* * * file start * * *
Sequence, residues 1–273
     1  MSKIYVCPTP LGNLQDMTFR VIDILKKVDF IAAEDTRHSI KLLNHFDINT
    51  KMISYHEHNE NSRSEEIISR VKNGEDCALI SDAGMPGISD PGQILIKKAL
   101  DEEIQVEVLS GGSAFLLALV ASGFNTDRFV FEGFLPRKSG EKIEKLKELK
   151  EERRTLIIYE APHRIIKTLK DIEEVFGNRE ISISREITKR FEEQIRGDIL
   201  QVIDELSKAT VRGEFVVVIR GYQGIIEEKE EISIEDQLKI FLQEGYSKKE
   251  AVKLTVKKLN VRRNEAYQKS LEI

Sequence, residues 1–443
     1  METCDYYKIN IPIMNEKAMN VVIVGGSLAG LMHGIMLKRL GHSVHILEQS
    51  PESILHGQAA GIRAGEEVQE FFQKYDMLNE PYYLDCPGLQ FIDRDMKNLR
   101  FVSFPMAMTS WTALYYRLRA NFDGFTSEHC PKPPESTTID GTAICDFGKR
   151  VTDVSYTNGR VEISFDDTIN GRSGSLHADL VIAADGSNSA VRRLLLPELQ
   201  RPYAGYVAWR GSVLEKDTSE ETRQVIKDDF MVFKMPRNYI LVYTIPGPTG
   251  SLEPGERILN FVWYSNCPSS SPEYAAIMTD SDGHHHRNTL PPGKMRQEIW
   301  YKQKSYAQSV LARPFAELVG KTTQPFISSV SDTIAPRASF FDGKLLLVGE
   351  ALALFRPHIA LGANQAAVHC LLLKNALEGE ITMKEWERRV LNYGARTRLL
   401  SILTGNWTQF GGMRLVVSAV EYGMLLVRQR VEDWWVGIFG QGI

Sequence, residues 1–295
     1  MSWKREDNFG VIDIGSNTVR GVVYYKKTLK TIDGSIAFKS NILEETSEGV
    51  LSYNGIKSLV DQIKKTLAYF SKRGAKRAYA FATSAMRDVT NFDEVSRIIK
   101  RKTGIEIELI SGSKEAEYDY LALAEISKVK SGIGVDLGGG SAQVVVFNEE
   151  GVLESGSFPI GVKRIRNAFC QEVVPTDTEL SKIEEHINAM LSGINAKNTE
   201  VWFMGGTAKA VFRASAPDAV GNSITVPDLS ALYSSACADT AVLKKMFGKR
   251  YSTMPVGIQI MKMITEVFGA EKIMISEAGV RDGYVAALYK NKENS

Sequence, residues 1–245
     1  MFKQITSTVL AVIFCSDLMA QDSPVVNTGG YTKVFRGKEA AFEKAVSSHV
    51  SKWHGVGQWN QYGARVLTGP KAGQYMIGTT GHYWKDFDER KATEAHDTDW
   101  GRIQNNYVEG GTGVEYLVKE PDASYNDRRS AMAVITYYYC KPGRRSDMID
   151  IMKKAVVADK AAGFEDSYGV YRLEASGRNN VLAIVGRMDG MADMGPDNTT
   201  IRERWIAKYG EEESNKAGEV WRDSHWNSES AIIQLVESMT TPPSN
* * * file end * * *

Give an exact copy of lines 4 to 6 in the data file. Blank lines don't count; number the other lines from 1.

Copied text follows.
   101  DEEIQVEVLS GGSAFLLALV ASGFNTDRFV FEGFLPRKSG EKIEKLKELK
   151  EERRTLIIYE APHRIIKTLK DIEEVFGNRE ISISREITKR FEEQIRGDIL
   201  QVIDELSKAT VRGEFVVVIR GYQGIIEEKE EISIEDQLKI FLQEGYSKKE